Friday, December 01, 2006

Free Trade

Arnold Kling has a good introduction to a topic that we will be discussing shortly, free trade.

The main points of his article can be summarized by this story:

"The surgeon talks about needing to give her house a new coat of paint. Her tennis partner suggests that compared with a typical house painter she probably could do this job better herself. "That's true," the surgeon replies. "I have steady hands, and I work more carefully and efficiently than most painters. But I figured that even though it will take the painters 50 hours to do the house and I could do it in 40, it's still a better use of my time to see patients. I can pay the painters with the money I get from seeing patients for two hours, so in a way I can paint my house in just two hours by sticking to medicine."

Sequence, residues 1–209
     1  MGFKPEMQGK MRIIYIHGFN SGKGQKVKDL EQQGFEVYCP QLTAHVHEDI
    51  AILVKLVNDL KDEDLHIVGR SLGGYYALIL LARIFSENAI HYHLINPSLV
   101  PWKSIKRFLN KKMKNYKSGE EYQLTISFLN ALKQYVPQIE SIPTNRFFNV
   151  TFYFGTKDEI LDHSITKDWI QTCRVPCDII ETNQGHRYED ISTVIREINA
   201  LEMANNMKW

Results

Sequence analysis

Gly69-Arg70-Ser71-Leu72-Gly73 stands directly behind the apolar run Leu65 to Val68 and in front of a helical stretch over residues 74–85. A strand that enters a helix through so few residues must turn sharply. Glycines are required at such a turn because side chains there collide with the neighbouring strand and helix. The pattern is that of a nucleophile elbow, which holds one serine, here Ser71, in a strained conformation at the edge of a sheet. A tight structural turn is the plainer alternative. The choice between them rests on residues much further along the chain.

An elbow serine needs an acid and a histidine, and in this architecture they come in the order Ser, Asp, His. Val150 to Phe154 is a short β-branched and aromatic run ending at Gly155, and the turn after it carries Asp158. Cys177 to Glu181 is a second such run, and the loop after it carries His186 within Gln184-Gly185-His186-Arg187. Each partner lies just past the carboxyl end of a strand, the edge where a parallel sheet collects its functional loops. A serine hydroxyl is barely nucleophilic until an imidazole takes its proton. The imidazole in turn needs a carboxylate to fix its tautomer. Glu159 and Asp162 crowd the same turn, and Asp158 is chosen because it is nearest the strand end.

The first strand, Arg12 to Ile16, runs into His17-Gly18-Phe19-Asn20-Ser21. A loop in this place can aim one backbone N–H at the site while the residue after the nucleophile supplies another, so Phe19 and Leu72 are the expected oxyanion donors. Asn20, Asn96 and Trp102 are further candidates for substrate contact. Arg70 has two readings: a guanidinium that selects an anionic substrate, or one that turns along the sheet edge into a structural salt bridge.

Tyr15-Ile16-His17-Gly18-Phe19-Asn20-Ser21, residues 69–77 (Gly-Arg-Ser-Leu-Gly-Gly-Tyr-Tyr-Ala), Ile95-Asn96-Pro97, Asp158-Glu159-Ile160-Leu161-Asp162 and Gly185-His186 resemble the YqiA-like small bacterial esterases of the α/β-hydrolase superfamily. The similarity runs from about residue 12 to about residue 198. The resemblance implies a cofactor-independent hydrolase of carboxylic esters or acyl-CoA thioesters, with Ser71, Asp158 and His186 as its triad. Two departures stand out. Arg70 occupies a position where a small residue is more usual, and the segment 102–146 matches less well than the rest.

This one:

Finally, the tennis partner says. "My brother-in-law had a kidney stone. I was going to recommend that he come to you, but his doctor said that there is a new pill that dissolves some stones. So he doesn't need surgery."

And finally, this comment:

"The last anecdote illustrates one of the most subtle benefits from trade. Competition and trade lead to innovation, in this case the development of a drug that reduces the cost and risk of removing kidney stones.
Competition and innovation are not necessarily a benefit for the surgeon. The demand for her services falls to the extent that medication can be used in place of surgery"

Me: Think about this another way. Free trade and technological innovation have destroyed numerous jobs in agriculture over the past century (before the 20th century America had many more jobs in agriculture. I believe the figure is now down to 2%.) But the gains from trade, an exponential increase in food production, vastly outweighed the loss of jobs in that industry. Further, with jobs opening up in industries that American had a comparative advantage in, people migrated towards those new jobs and normal economic development created other jobs. At the end of the day the economy has many more jobs now (at higher pay!) than they did 100 years ago.

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